We love peas. Let us count the ways.

1. You can start early.

If you’re itching to get into the garden, you can typically start peas in the ground up to 5-6 weeks before the last frost date.  They’ll germinate in 40-degree F soil, though slowly.  They’ll germinate more quickly in 50-to 60-degree F soil.

TIP: Sow in 1-ich-deep furrows, with seeds approximately 1 to two inches apart from each other.


2. They grow so fast.

Like, ridiculously fast. Ideally, the soil should be moist like a damp sponge that’s been wrung out, and rich in organic content from a topdressing of compost.

TIP: Choose a site with full sun and good air circulation. Plant in early spring or late summer so plants can grow while the weather is cool.

3. They are so pretty! And show pollination and maturity in real-time, almost.

Peas are a great teacher of how flowers become food in food-bearing plants: given their quick growth cycle to maturity, you can almost see the flower becoming the pea pod.

TIP: Even if you eat the all of the peas one day, the next day the flowers from the day before will have become the new peas.

4. Their tendrils are the stuff of fairy tale legend.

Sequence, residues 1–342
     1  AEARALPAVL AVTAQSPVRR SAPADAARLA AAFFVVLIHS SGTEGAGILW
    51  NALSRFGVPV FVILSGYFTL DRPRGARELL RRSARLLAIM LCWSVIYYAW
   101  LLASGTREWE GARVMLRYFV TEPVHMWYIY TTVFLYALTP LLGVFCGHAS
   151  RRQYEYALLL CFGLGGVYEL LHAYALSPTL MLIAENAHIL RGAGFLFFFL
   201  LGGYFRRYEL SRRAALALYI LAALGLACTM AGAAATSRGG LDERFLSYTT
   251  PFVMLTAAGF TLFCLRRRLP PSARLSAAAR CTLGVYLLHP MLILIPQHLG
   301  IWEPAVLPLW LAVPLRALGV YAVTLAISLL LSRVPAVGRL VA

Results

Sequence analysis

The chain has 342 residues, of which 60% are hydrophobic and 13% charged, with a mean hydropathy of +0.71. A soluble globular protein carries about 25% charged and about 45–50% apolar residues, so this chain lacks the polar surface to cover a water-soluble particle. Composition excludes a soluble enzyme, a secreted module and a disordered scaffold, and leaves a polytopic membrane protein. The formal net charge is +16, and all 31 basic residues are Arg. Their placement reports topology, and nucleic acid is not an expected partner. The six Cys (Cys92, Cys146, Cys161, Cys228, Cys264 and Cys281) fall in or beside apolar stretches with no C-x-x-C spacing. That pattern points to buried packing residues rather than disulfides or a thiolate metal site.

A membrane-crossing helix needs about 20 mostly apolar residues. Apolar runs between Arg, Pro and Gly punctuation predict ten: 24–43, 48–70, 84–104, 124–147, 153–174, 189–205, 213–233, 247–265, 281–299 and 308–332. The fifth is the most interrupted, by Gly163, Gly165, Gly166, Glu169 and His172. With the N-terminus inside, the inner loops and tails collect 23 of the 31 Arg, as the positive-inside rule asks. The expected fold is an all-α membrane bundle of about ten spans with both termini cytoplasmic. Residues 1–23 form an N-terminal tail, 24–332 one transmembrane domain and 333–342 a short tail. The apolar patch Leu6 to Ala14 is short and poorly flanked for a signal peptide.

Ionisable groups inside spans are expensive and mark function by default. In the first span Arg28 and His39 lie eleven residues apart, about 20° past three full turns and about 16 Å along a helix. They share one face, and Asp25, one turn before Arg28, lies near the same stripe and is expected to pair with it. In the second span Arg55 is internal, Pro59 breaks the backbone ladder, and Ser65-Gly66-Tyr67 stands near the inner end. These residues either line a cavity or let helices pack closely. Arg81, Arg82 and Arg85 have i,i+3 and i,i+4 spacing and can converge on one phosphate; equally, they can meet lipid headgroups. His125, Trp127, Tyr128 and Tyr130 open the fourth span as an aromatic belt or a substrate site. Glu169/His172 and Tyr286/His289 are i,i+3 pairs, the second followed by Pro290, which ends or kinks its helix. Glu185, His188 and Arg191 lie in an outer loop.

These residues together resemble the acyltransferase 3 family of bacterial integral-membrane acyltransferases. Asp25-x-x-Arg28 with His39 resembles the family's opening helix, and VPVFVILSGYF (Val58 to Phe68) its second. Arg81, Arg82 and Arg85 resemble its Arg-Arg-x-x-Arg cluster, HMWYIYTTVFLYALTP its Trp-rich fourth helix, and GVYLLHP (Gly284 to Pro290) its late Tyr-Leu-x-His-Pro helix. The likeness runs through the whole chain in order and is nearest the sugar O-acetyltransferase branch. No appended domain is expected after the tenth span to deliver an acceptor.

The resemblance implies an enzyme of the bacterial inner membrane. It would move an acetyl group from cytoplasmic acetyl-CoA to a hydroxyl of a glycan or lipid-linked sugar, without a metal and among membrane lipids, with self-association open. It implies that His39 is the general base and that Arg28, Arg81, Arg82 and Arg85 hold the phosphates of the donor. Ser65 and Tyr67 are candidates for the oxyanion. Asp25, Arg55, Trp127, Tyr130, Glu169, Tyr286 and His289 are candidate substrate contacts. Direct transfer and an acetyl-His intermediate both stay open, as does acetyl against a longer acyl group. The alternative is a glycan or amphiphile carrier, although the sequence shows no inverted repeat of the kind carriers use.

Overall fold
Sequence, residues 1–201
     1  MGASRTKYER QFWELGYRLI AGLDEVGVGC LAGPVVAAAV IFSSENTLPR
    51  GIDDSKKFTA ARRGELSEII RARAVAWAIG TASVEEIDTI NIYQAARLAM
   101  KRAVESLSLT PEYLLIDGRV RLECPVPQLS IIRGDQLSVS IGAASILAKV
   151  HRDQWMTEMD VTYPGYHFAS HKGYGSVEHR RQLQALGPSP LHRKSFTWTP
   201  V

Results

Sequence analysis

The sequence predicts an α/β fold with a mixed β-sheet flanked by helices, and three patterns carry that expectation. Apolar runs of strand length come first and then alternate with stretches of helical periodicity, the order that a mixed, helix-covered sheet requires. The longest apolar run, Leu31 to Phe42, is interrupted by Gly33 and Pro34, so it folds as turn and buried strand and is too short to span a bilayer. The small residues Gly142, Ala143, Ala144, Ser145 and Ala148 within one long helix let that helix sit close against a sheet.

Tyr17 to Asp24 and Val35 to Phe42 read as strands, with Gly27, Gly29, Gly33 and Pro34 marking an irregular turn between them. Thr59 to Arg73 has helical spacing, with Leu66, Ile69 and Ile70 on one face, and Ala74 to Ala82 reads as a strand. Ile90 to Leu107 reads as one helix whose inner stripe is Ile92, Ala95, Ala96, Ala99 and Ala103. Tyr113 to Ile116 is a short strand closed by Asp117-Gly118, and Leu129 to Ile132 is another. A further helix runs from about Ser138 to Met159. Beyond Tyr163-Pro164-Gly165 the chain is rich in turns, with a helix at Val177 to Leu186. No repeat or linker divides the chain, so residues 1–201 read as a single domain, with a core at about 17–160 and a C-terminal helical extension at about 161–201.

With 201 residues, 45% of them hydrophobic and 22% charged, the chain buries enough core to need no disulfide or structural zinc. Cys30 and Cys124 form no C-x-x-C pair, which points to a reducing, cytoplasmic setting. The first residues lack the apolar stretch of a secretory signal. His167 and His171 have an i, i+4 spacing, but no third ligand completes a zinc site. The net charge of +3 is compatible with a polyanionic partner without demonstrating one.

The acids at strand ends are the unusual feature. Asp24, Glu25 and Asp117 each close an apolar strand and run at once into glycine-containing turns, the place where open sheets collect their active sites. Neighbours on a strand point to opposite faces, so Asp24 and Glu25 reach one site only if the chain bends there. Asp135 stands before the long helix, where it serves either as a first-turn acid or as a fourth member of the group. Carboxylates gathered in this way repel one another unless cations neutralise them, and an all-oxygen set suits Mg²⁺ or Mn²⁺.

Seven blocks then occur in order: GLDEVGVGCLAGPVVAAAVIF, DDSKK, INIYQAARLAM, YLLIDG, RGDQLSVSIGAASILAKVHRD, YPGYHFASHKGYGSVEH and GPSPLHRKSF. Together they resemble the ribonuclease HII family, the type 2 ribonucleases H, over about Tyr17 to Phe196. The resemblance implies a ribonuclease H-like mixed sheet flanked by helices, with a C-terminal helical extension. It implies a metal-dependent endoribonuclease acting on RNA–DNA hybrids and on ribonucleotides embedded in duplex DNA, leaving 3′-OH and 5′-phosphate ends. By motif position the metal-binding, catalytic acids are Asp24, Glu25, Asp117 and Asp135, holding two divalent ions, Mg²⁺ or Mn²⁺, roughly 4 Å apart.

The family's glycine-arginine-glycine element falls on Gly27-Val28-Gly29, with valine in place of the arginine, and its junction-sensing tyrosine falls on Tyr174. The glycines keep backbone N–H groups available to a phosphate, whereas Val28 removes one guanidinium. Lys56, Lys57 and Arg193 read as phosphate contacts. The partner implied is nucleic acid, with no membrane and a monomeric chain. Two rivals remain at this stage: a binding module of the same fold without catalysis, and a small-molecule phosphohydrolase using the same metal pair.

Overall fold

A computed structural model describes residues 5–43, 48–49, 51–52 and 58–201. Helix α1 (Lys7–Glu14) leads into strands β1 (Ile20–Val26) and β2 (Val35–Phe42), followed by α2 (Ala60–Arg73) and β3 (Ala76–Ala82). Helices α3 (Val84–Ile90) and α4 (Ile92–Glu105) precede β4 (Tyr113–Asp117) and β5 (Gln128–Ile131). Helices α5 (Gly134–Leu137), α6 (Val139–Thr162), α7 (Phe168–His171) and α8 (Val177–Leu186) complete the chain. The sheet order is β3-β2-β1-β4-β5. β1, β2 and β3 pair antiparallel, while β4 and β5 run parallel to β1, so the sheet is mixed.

Watch how peas reach out and hold on to grow higher.  They can be a conversation gateway to talking about support, and how we all sometimes need a prop.

TIP: Install a trellis or other supports, such as string or twine, at planting time.

5. They’re easy, tasty, nutritious snacking!

How empowering for a little (and big) person to get to eat as much as they want of a snack. Compared to other stuff in the garden – greens, carrots, strawberries, etc – peas are typically already clean and ready-to-eat right off the vine.  They’re all yummy: from old-fashioned shelling types or snap peas which you eat pod and all.


  • Shelling Peas: Also called English and green peas, they have inedible pods. Pick before the pods turn yellow.
  • Snow Peas: Also called sugar or Chinese peas, they should be picked when the pods are large and flat, but before the peas inside have begun to swell.
  • Snap Peas: A cross between shelling and snow peas. They bear crisp pods and swet peas, all edible. They’re the sweetest when the peas inside the pods are round and full.
  • Dry Peas: Left in the field until the pods are brown, then shelled, dried and stored.

TIP: Get a variety that works well in your climate.

6. Peas grow in so many different support structures.

A tunnel.

An artistic little house or fort for kiddos.

A spiral.

Your pea support structure can add style and whimsy in any garden space.

7.  The “peas” homonym – peace –  sure does make the world seem brighter.

Peas out.  Visualize whirled peas. Peas, love and happiness, man.  Enjoy your peas. You can go peas-fully.

What’s your favorite pea crop to grow?  When do you plant in your climate? And do you have a favorite kind of trellis or support structure?  And do tell: do you “peas out”?